The Dow Jones Industrial Average is up smartly and the Nasdaq Composite Index is down about 2%, but so accustomed have Wall Streeters become to violent swings in the market that they are pronouncing the day quiet.
"It's a lethargic day in front of a big earnings week," said Rob Cohen, co-head of listed trading at
Credit Suisse First Boston
. "There's not a strong consensus on which way to go."
At times one imagines plucking up some trader from the depths of an earlier epoch -- say a few years ago -- and seeing what he would have to say about this so-called quiet day. What would a younger Rob Cohen, a Rob Cohen circa 1997, think of what this later model is saying?
Volatility is one of the few things people will agree on in today's market. Though some will say tech stocks will soon climb anew, others think the baton is being passed to the Old Economy stocks for a spell and still others think the whole shebang is heading lower, more chop is a constant in everybody's outlook.
"For the next few months I think we'll see volatility," said Robert Dickey, managing director of technical analysis at
Dain Rauscher Wessels
in Minneapolis. "It's a trader's delight and a real frustration for investors."
Dickey believes that tech stocks, in particular, will bump and grind like unchaperoned teenagers -- he sees the Nasdaq caught in a range (if you can call something so big a range) of 3700 to 4700 for the next few months. It's a good market for Dickey, one where, because it is so psychological, traders are more apt to look at technical analysis than fundamentals.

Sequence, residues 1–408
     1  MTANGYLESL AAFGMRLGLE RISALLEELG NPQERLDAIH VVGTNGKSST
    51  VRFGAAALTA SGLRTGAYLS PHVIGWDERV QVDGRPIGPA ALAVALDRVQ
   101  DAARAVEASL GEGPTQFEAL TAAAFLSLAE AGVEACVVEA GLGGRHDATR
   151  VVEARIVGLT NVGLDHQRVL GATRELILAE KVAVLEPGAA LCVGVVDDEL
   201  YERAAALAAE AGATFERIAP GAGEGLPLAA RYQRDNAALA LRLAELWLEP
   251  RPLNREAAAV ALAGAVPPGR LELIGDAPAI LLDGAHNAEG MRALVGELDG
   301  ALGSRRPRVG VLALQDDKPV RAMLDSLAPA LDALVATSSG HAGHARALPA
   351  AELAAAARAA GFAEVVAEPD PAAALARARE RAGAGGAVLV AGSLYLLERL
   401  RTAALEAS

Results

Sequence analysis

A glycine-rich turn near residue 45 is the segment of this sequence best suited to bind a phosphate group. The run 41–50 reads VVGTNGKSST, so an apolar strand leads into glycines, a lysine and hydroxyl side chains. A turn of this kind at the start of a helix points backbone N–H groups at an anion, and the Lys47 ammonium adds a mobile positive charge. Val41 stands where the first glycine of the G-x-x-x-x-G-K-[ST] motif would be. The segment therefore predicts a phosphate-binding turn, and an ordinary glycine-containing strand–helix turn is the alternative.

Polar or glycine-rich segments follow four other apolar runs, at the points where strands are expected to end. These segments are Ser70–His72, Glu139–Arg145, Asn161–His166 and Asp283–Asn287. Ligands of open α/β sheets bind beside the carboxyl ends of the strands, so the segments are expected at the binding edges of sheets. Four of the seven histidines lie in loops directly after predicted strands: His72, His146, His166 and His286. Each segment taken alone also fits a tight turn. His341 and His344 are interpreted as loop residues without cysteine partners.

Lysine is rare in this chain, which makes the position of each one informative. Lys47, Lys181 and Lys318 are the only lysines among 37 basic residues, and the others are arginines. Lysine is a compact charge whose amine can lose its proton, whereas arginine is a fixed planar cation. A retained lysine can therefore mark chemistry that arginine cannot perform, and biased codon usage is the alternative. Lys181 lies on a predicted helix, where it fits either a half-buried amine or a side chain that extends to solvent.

It's also the kind of market that investors who are not interested in playing in the currents shun, and one of the reasons some focus is shifting elsewhere.
"The Old Economy, value, safe stocks are starting to attract more attention," Dickey said. "I would look at those as being relatively safe from a correction. They are not dot-coms, they're not going to move that way, but they're showing excellent action off their lows. That's where I'd be heading if I was an investor here."
Jeffrey Applegate, the
chief investment strategist, does not share those views. In his monthly conference call today, he said that technology stocks probably got a bit ahead of themselves a couple of weeks ago, but that last week's downturn brought them down to levels where they are actually a bit undervalued. He continues to be overweight the sector, "mindful that you will get these swoons in relative performance."
Cohen, too, had good things to say about technology as
earnings season kicks off, "as most of the companies that are expected to report this week should have good earnings." And though there are some investors who, tired of the ups and downs of the sector, may bail as tech stocks recover, he believes that others, seeing upside momentum reassert itself, will be more than happy to buy.
The Dow lately was up 108, or 1%, to 11,220 while the
was up 3, or 0.2%, to 1519.
The Nasdaq was off 79, or 1.8%, to 4368. Other tech proxies were underwater as well.
TheStreet.com Internet Sector
index was down 43, or 4.1%, to 1010 and the
Morgan Stanley High-Tech 35
was down 1.8%.
Cyclicals were doing well after a strong earnings report from
Morgan Stanley Cyclical Index
was up 2.4%.
American Stock Exchange Pharmaceutical Index
was up 2.2%. The
Philadelphia Stock Exchange/KBW Bank Index
was up 2.5%.
The 10-year Treasury lately was up 6/32 to 104 29/32, dropping the yield to 5.84%.
Breadth was mixed on light volume.
New York Stock Exchange:
1,511 advancers, 1,269 decliners, 463 million shares. 43 new 52-week highs, 9 new lows.
Nasdaq Stock Market:
1,617 advancers, 2,380 decliners, 712 million shares. 41 new highs, 33 new lows.
For a look at stocks in the midsession news, see Midday Movers, published separately.